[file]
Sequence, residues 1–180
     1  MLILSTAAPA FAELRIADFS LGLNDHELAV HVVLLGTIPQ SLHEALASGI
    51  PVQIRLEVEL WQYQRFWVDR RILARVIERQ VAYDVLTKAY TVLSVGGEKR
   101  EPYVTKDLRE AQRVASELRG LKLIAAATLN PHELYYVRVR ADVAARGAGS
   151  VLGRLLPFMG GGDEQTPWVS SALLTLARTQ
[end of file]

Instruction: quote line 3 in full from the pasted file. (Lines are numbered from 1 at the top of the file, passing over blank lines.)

    51  PVQIRLEVEL WQYQRFWVDR RILARVIERQ VAYDVLTKAY TVLSVGGEKR